Enantioselective Synthesis of Helicenes
The twisted pi systems of helicenes provide a unique class of organic structures in which the two ends of a series of ortho-fused aromatic rings can no longer lie in the same plane because they overlap. Such structures are chiral and when there is sufficient overlap, the barrier to epimerisation is high. Our interest in helicenes springs from their potential in nonlinear optics (NLO), and particularly their predicted but as yet unrealised special suitability for use in Two Photon Circular Dichroism (TPCD), a goal which will lead ultimately to a new method of bioimaging which combines the confocality of two-photon absorption with the sensitivity to the stereochemical environment demonstrated in circular dichroism spectroscopy. Current target molecules in the group include tetrathia[7]helicenes addressed by a one-pot double-KR approach, and a new class of hexaazahelicenes than can be accessed by a double asymmetric ‘click’ strategy. Both conventional ‘single-dipole full-turn’ and our novel ‘double-dipole half turn’ designs are targets for the group.

Ubiquitin Ligase Inhibitors
Ubiquitin ligases are enzymes which are implicated in tumour outgrowth and spread and so are attractive targets for new approaches to develop anticancer bioactives (PI: Chantry). As a synthetic chemistry component of a larger collaborative project with Chantry, Hemmings, Page (Schools of Biological Sciences and Chemistry) we are working on the design and synthesis of new and more potent inhibitors for E3 ubiquitin ligases employing a fragment-based strategy which involves the synthesis of small binding motifs and linkers, assisted by modelling studies to aid the molecular design process.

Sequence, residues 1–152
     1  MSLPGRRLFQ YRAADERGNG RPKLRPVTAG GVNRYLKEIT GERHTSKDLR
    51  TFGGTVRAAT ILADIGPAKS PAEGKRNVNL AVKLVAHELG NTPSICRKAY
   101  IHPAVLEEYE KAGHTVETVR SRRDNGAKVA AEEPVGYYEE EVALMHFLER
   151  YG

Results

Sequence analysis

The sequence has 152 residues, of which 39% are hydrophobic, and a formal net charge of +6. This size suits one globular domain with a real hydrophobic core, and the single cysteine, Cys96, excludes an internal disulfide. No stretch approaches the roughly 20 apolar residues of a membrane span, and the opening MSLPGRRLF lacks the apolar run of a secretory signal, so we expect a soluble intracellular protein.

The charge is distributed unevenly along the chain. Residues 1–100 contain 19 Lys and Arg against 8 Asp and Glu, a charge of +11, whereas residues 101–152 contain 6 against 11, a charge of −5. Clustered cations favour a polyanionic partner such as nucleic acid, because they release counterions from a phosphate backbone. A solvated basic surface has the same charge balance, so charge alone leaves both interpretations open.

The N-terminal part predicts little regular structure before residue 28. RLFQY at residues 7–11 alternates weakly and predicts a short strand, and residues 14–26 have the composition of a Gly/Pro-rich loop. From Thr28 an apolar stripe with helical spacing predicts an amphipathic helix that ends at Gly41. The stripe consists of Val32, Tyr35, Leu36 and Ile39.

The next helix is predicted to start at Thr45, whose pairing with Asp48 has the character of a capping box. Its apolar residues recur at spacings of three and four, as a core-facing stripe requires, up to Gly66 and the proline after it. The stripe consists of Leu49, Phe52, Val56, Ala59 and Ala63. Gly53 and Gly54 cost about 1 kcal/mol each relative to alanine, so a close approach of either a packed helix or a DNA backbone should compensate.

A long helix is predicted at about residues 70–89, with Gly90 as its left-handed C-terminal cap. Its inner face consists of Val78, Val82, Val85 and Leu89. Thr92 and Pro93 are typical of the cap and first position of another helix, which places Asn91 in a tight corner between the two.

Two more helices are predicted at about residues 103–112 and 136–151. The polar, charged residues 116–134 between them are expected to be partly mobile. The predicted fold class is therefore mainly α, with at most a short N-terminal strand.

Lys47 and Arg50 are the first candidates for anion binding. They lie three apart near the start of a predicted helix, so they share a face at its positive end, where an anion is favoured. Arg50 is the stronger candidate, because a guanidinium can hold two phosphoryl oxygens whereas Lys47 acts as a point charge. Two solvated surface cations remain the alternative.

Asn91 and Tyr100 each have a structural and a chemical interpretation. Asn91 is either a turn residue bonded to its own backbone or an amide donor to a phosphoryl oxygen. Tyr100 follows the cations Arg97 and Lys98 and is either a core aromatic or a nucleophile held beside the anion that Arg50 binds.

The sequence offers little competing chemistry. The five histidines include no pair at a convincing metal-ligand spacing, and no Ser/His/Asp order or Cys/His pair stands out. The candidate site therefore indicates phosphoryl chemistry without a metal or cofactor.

‘Open Lab Africa’
The neglected tropical diseases (NTDs) still cause great human suffering in some of the poorest countries on the planet. The UEA ‘Open Lab Africa’ project is adopting a fresh and novel approach to this global challenge in a collaborative effort with Duvendack, Gallash, Hamilton, McDermott, (Schools of Development Studies, Law, and Pharmacy) at UEA and Frey (University of Southampton) together with institutes in Cameroon, Democratic Republic of the Congo, Ghana, Kenya, Tanzania, and Uganda. The synthetic chemistry part of the project involves the identification and synthesis of new lead structures and their analogues in a fragment-based approach towards new capabilities to address particular NTDs which are of most serious or growing concern in the subSaharan region of Africa. The project combines an Open Lab-Book and Open Med-Chem approach which invites institutes and specialists around the world to follow, advise, and even join in the project.